What Factors Affect Alimony?
- Posted on: Jun 24 2021
If you are in the process of a divorce, alimony may be something that you have to deal with. Alimony, often called spousal support, is usually ordered by the court when one spouse makes a significant amount of money more than the other spouse. This payment helps equalize the overall financial status of each person. This may make it possible for one person to continue living in the same neighborhood or continue to afford their vehicle. Alimony isn’t ordered in every divorce, and there are a number of factors that can determine how much money is awarded and for how long.
The Length of the Marriage
The first factor that determines if alimony is awarded at all is the length of the marriage. Some states do not award alimony if the marriage was less than a year old. Even if you have been married for three or four years, the court may consider that too short a time. It depends on a number of other factors.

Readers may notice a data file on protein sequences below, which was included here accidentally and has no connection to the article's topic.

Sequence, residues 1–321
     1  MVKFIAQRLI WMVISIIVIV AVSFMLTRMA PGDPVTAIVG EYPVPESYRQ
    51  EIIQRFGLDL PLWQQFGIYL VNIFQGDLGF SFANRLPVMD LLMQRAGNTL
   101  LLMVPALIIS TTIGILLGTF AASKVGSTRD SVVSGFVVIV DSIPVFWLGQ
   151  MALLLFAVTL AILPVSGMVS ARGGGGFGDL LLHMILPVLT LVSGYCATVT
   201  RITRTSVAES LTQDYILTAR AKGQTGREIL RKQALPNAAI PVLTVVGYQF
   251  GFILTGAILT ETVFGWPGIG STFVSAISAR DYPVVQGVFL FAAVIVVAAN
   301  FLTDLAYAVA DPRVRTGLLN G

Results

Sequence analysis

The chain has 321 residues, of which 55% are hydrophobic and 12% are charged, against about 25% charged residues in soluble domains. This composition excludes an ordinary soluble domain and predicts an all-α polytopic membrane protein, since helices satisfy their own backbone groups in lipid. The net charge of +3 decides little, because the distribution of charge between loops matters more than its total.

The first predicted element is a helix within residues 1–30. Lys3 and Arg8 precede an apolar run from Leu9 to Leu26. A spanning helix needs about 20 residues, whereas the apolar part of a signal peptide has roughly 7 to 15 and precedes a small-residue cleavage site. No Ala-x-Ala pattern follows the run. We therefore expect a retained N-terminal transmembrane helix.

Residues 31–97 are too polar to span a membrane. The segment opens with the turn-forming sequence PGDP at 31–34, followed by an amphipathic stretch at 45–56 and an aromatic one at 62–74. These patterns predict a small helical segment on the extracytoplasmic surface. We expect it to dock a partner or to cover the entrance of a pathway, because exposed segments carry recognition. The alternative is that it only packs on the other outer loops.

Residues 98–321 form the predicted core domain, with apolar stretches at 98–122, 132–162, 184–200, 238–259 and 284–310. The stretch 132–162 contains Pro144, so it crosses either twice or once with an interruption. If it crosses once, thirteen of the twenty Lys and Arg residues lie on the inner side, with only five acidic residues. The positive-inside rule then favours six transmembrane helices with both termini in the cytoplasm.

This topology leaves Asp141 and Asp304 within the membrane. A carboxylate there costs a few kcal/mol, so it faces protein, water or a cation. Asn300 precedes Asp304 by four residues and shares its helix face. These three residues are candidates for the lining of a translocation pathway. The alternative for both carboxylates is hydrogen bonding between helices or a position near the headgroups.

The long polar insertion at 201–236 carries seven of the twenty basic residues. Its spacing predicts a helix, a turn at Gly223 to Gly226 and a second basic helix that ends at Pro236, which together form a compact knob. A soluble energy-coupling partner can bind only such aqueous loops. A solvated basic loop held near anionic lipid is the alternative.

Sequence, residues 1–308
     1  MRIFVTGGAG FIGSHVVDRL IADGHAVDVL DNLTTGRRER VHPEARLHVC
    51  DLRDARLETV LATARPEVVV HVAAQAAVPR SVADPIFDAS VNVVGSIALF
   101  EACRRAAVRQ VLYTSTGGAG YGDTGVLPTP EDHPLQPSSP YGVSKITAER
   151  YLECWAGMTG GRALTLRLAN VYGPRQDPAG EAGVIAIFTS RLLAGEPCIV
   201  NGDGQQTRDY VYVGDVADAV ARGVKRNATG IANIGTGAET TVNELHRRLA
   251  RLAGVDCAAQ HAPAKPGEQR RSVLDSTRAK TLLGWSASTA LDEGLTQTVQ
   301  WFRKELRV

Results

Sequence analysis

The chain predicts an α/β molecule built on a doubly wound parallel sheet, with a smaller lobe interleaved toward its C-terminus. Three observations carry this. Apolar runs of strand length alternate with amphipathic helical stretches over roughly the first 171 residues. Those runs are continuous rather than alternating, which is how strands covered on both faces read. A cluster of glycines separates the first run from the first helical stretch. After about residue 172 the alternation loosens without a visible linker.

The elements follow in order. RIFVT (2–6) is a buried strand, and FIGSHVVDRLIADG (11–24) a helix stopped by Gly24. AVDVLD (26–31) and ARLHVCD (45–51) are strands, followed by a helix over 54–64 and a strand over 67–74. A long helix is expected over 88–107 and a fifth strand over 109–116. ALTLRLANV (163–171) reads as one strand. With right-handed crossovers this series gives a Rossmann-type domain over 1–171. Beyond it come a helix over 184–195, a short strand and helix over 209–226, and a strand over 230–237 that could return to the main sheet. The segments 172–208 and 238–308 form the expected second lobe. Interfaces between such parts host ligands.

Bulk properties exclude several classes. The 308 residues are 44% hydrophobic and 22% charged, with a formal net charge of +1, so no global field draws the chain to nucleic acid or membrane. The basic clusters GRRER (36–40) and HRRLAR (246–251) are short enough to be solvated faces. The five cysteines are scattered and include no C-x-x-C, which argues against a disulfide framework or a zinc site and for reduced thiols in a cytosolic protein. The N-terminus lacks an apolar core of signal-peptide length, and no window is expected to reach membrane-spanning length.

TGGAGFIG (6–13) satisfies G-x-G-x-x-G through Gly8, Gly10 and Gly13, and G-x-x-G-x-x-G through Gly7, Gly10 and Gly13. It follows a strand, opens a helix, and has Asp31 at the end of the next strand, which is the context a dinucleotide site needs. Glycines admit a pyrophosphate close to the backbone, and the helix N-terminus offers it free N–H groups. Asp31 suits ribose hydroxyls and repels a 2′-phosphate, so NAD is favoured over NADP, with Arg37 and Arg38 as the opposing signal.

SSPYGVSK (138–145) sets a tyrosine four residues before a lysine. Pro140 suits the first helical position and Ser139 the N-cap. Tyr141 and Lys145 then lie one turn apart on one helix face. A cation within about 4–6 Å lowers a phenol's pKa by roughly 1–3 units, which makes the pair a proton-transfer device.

Financial Resources and Potential
Two of those factors are the financial resources you both have on hand and the potential you each have of earning money. If you both work and have similar jobs, there may be no need for alimony. Pre-marital assets may play a role in this, as will resources such as trust funds that may pay out regularly.
Then there’s your earning potential. If you aren’t currently working but have the potential to work, that can count against you being awarded alimony. For example, if you have a degree in an in-demand field, the judge may determine that you can get a job fairly easily. Your work experience, education, and the industry you’ve worked in will all be evaluated. If you did not finish your degree, the court could order rehabilitative alimony, a special type of alimony that has to be used to finish your education so you can more easily find work.
What You Contributed to the Marriage
What did you contribute to the marriage? The court will look at more than just your financial contributions when determining this. For example, if you quit your job to raise your children, helped your spouse establish their own business, or took care of an elderly relative, those count as contributions. The court could order alimony as a form of repaying you for these contributions.
Are you preparing for a divorce? If so, you need a great legal team on your side. Contact the FK Law Group today to discuss your case.